A sprawling industrial complex in Detroit’s Elijah McCoy neighborhood is entering a new phase as a community hub where artists can cohabitate, work on projects, shop for groceries and party.
Dreamtroit opened in July for a community of creators seeking high ceilings and low rent. Co-owners Matthew Naimi and Oren Goldenberg completed the $28 million redevelopment of a former auto factory on the outskirts of the Henry Ford Health campus. Naimi called it an “anti-gentrification project” during a September tour with BridgeDetroit, noting an $80,000 income cap for eligible tenants and reduced rental rates meant to prevent artists from being displaced as the city faces an affordable housing shortage.
“What typically happens is an area that may be run down or seedy attracts the creative class, and then as that area becomes hipper or more attractive due to the actions of the creative class, development happens, driving rents up and forcing creatives to move on,” Naimi said. “You can see development happen around Dreamtroit, but it’s protecting the creative class with the rent structure and zoning that allows us to make noise and operate late.”
It’s another adaptation of the century-old former Warren Motor Car Co. headquarters, which also includes Naimi’s public recycling center, environmental education programs, the nonprofit arts foundation Make Art Work and bohemian hangout known for bonfire parties under the full moon.
Seventy-six minimalist apartments were built, including studios, one-bedroom and two-bedroom units at varying tiers of affordable rates. Ten of the cheapest studio apartments, starting at under $500 per month, are “community units” with shared kitchens and bathrooms cleaned by Dreamtroit staff.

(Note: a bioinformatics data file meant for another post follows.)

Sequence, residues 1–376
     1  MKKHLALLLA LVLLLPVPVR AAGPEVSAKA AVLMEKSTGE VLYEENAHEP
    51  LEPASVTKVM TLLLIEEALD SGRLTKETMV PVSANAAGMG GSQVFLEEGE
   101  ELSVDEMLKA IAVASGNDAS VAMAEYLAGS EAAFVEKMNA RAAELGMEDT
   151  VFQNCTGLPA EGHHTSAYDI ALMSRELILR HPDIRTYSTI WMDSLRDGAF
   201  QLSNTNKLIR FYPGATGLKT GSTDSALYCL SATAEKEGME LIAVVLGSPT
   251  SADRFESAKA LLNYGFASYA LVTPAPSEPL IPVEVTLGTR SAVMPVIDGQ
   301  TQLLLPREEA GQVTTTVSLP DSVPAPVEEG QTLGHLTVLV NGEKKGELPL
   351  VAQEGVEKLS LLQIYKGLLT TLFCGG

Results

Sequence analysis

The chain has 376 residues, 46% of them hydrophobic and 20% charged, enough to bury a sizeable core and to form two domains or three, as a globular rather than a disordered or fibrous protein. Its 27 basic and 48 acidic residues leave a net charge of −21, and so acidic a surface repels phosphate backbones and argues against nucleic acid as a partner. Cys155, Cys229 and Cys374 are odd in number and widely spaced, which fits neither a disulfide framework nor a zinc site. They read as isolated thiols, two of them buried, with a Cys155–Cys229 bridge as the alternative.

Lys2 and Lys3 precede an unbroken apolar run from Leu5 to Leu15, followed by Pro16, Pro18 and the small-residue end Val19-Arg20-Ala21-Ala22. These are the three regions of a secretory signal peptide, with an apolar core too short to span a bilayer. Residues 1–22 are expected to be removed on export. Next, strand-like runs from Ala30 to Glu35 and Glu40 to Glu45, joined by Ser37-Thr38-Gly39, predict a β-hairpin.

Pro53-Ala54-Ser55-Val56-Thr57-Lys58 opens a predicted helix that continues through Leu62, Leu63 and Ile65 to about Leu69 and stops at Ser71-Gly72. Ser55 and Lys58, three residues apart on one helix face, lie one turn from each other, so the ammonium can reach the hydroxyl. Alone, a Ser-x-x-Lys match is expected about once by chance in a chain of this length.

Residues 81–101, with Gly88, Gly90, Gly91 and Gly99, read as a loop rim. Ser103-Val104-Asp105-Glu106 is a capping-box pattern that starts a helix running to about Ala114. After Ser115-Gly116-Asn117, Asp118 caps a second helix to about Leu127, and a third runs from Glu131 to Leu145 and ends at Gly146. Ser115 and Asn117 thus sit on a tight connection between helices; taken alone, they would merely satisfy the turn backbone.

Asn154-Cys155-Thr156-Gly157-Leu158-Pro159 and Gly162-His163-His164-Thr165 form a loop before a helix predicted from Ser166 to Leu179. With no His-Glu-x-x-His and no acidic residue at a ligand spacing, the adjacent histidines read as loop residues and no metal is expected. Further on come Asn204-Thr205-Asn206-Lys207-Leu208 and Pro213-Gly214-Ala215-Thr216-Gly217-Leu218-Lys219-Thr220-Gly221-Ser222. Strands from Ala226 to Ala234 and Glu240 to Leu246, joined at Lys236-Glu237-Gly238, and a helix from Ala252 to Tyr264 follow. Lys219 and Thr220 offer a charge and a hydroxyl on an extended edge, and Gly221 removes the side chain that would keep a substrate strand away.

“A lot of our artist communities that don’t live in Michigan have set up these co-living situations that are similar,” Naimi said. “Our idea was to do more, but the banks were reticent to allow a larger development that has that. Now that we’ve got them up and running it’s a proof of concept. If we decide to do another project similar to this we’ll definitely push for more community units.”
The project also includes artist workshops and commercial tenants. Michigan & Trumbull pizzeria, a new Marble Bar location and Metro Grocery are expected to open later this year.
Naimi said the redevelopment project started small. The death of beloved graffiti writer Jordan TEAD Vaughn, who fell through a roof while creating art in 2017, was a wakeup call. Naimi said the building was deteriorating and dangerous.
Repairing the roof would cost $3 million, and Naimi said he didn’t want to raise rent costs for tenants. So he began exploring other options and funding support, which led to affordable housing plans.
Financing for the project came from a patchwork of tax breaks and loans offered by Capital Impact Partners, Invest Detroit, Local Initiatives Support Corp., the Detroit Housing for the Future Fund and others. The complicated organizational chart was so comical that Naimi had it tattooed on his arm.